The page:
• new flight mode 'TRAINING'
  • support for PX4 autopilot
  • CIRCLE mode now holds altitude
  • support for counter-clockwise loiter (thanks to Jochen)
  • support for the 1.9 firmware on MTK GPS
  • support for mounting the APM board in lots of different orientations
  • improved the MPU6000 accel/gyro filtering a bit more
  • secondary elevator support (thanks to Michael Warren)

One of the changes I am most pleased with is the addition of a new flight mode called TRAINING mode. This mode was developed in cooperation with a MAAA flight instructor, and is designed to help people to learn R/C manual flying. When you are in TRAINING mode you have manual control over roll until you reach the LIM_ROLL_CD roll limit, at which point the plane won't roll over any more. The same applies to pitch - you have manual pitch control until you reach LIM_PITCH_MIN or LIM_PITCH_MAX, at which point the plane won't pitch beyond those limits. This means that as long as you stay within the configured limits you are flying the plane manually, and you can quickly learn to fly an R/C plane manually, knowing that the APM will prevent the plane from going upside down. I'll do a separate blog post about how we are using TRAINING mode to teach new pilots good R/C manual piloting skills.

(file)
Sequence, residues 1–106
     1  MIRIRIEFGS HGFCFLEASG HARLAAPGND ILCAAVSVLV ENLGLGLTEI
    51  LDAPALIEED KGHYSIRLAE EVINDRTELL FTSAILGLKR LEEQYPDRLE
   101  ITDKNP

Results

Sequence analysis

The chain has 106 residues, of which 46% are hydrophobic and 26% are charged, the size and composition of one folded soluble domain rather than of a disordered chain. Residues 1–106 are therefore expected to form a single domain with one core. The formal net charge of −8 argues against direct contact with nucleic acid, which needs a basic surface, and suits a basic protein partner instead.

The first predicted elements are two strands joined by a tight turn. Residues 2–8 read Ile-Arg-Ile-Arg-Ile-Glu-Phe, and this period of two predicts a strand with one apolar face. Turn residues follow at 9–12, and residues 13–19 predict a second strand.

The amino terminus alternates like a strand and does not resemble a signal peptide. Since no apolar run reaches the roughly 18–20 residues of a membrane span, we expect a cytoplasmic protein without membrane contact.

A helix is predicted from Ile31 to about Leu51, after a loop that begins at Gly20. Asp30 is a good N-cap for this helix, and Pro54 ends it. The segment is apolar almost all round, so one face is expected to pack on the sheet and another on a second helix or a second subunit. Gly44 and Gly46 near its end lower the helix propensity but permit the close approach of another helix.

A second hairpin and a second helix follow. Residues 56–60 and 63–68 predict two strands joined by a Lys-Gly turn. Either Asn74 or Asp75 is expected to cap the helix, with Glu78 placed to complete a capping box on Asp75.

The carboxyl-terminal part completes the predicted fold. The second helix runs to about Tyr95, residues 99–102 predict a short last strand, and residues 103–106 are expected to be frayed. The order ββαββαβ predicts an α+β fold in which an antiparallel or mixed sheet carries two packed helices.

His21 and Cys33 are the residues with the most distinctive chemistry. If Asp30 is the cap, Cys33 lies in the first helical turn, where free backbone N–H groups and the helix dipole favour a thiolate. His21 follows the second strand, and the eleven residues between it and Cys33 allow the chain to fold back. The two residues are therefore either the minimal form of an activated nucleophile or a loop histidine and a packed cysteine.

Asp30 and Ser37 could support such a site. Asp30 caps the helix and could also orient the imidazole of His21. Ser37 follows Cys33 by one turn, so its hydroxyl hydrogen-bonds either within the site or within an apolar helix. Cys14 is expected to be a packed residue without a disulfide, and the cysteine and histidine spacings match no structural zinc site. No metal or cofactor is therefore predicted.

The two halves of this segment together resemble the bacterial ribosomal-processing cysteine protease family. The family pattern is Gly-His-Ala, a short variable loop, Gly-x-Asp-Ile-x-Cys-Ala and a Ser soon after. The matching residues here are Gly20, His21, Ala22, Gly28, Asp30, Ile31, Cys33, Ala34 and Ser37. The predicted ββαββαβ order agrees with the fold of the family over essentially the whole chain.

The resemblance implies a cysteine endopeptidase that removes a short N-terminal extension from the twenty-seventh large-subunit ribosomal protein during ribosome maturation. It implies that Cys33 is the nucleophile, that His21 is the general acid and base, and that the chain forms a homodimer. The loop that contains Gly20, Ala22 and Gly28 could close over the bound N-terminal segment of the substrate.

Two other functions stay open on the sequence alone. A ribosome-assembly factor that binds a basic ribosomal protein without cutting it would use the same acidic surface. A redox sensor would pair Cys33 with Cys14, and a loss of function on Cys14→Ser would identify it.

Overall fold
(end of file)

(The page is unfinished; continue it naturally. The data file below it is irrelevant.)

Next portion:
Another significant change in mode behaviour is that CIRCLE mode now holds altitude. This is important because CIRCLE is used in the first stage of failsafe conditions, and if your plane is badly trimmed it could lose quite a lot of altitude before the RTL stage of failsafe kicks in. Note that this doesn't mean that CIRCLE is now the same as LOITER - in a LOITER the plane will adjust its roll to keep going around the target position, whereas in CIRCLE the position of the plane isn't considered - it just holds a small roll angle, which results in a large circle that drifts with the wind. This is deliberate as we want CIRCLE to not be dependent on the GPS, and to involve no sharp turns.